The aim of this study is to evaluate the impact of maternal mortality reduction on improvement in women's life expectancy during the reproductive period (ages 15 to 49). We first establish historical understanding of the impact of reducing maternal mortality by calculating the increase in reproductive-aged life expectancy (RALE) gained by developed countries in the 20th century. Secondly, we estimate what can be achieved by lowering maternal mortality in regions of the developing world that lag behind in the demographic and epidemiologic transitions, notably much of sub-Saharan Africa. In addition, as maternal mortality is just one among several competing causes of death in sub-Saharan Africa, notably HIV/AIDS, it is of interest to understand the potential gain of life expectancy by eliminating maternal mortality in the context of generalize HIV epidemic as well.
Because this manuscript involved secondary data analysis of public sources, ethics approval from our respective institutions, Institutional Review Board (IRB), was not required. Our IRB board specifies “Exempt research does not require continuing IRB Committee review. Examples of exempt research include surveys, or interviews without individual identification or the use of existing data, documents, or other records without individual identifiers.”  As described below our data did not have any individual identifiers.
Two main data sources are used in this study: life tables from the Human Mortality Database (HMD)  and age-specific death rates from the Demographic and Health Surveys (DHS) . The HMD contains detailed time series of mortality data and life tables for entire populations (without individual identification) with virtually complete registration and census data, predominantly from developed countries. Annual period life tables were extracted from this database and life expectancies between 15 and 49 were calculated from them. We supplemented this database with model-based data from Preston . The latter were used to decompose the declines in mortality into its contributing causes of death, focusing on maternal mortality in developed countries. While these data may not adequately reflect mortality patterns in the individual countries, important lessons can be learned from the patterns of developed countries in the early 20th century.
DHS data were used to assess the maternal mortality contribution in survival between ages 15 and 50 in sub-Saharan Africa. The DHSs are nationally-representative household surveys (without individual identification). All-cause age-specific deaths rates were used to construct country-specific life tables and estimate total potential gains in RALE. Age-specific maternal mortality rates were used to calculate the potential contributions in RALE that could be gained through elimination of maternal deaths. Maternal mortality ratios from each country were also taken from the DHS. Maternal mortality information is generally collected using either the sisterhood method or direct estimation , . The sisterhood method asks female respondents to list all their siblings, whether each of them is alive at the time of the survey, and in the event that a sister has died, whether she was pregnant, in childbirth, or within two months of postpartum at the time of death. Direct estimation calculates MMR by collecting information on births and maternal deaths within a specified period of time, occasionally supplemented with verbal autopsy to minimize misclassification errors. Several studies have examined the quality of DHS for maternal mortality estimation and in general, agree that the sibling method is more likely to underestimate than overestimate maternal mortality rates , , , . In general, any survey based estimations of adult mortality are slightly biased downward. As with direct estimation methods and vital registration systems, the risk of misclassification errors of maternal mortality estimates exist . Finally, we supplemented the information for these countries with data on HIV prevalence rates from UNAIDS Global Report 2010 .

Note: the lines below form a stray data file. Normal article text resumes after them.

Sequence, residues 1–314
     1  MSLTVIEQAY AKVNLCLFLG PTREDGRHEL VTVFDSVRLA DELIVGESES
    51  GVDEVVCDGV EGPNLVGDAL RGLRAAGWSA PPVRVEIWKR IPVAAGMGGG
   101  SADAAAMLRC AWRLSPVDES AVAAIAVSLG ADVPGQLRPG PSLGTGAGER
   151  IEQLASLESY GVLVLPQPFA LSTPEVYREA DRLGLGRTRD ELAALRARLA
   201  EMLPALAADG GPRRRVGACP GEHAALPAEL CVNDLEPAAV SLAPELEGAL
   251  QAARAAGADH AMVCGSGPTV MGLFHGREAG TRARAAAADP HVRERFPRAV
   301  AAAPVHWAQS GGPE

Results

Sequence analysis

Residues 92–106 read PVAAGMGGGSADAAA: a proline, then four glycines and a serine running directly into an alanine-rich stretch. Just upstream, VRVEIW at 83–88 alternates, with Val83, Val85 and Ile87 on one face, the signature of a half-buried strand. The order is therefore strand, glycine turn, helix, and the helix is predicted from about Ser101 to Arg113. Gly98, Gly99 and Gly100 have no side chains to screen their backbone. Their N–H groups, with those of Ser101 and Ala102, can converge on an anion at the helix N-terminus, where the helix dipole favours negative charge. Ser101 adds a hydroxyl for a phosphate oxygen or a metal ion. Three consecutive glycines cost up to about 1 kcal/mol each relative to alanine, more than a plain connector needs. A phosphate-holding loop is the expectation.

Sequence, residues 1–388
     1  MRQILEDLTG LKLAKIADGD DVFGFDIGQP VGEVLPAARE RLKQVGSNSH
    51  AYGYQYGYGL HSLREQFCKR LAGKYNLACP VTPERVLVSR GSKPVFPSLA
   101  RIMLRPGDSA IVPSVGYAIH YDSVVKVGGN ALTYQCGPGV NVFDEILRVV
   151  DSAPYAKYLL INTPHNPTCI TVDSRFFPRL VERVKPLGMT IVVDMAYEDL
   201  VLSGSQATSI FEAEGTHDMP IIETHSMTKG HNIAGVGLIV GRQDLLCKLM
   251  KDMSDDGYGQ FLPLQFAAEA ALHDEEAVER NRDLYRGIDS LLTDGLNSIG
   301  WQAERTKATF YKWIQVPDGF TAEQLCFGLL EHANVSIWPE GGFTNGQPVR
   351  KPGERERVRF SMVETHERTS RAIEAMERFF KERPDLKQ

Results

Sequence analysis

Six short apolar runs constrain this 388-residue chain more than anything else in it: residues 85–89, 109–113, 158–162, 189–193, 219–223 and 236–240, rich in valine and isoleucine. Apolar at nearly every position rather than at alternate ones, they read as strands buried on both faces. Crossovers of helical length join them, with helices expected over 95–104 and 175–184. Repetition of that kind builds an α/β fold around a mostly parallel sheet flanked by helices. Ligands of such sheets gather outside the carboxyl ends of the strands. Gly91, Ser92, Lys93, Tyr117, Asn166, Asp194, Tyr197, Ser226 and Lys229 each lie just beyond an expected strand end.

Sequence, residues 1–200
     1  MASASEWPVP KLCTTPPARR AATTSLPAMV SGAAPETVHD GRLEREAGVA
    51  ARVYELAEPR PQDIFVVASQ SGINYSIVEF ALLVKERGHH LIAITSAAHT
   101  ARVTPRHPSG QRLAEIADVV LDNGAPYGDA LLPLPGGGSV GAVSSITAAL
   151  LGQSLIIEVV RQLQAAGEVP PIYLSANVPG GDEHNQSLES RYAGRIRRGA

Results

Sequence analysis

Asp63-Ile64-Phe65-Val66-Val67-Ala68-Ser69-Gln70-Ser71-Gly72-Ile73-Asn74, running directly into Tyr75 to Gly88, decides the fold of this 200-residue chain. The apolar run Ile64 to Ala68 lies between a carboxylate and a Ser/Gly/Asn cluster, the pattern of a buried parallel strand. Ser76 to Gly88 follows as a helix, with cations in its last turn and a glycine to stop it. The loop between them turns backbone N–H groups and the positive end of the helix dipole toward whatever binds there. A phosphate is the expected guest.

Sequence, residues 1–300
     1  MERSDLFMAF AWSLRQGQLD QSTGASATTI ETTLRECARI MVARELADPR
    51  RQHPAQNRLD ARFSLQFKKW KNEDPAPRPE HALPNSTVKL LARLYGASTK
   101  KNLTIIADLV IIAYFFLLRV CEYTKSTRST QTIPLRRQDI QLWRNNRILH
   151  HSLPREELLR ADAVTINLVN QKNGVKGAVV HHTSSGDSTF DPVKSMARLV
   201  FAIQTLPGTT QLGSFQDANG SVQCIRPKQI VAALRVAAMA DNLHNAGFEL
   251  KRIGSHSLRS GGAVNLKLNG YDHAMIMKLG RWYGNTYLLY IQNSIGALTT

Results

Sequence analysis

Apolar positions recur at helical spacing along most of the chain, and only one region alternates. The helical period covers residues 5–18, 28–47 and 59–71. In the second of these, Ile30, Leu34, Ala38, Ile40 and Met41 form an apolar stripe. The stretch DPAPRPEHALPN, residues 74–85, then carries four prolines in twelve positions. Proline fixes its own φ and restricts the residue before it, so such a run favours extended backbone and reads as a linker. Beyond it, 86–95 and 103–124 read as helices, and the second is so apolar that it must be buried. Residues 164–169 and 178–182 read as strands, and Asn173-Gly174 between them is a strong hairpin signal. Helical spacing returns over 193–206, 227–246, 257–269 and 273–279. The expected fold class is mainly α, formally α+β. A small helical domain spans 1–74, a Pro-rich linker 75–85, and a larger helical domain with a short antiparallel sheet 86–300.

As one of the main focuses of this study is to estimate the current contribution of maternal mortality to female RALE in selected sub-Saharan African countries, we chose to include only the most recent DHS from each country and only those that were conducted between 2000 to 2011. By restricting our sample to more recent data, we also hoped to alleviate some of the measurement issues associated with maternal mortality estimation techniques applied in older DHS . Other questions of data quality, such as the potential for mis- and under-reporting, exist in all the DHS, UNAIDS and Preston datasets. Though important, we felt that such data quality issues are well known and should not preclude us from conducting this analysis.
Reproductive-Aged Life Expectancy (RALE)
We defined the term female reproductive-aged life expectancy (RALE) as female life expectancy calculated from age 15 to 49. If a life table is available, this measure can be calculated as the person-years lived between ages 15 and 49 divided by the number of survivors at age 15 (details of its calculation can be found in the Appendix S1).
If no mortality occurs between ages 15 and 49 then the average number of years lived between these ages is 35. The higher the mortality, the more the average will fall below 35. RALE is suited for studying maternal mortality impact because it is conditioned on survival to age 15 and takes into account all causes of mortality , .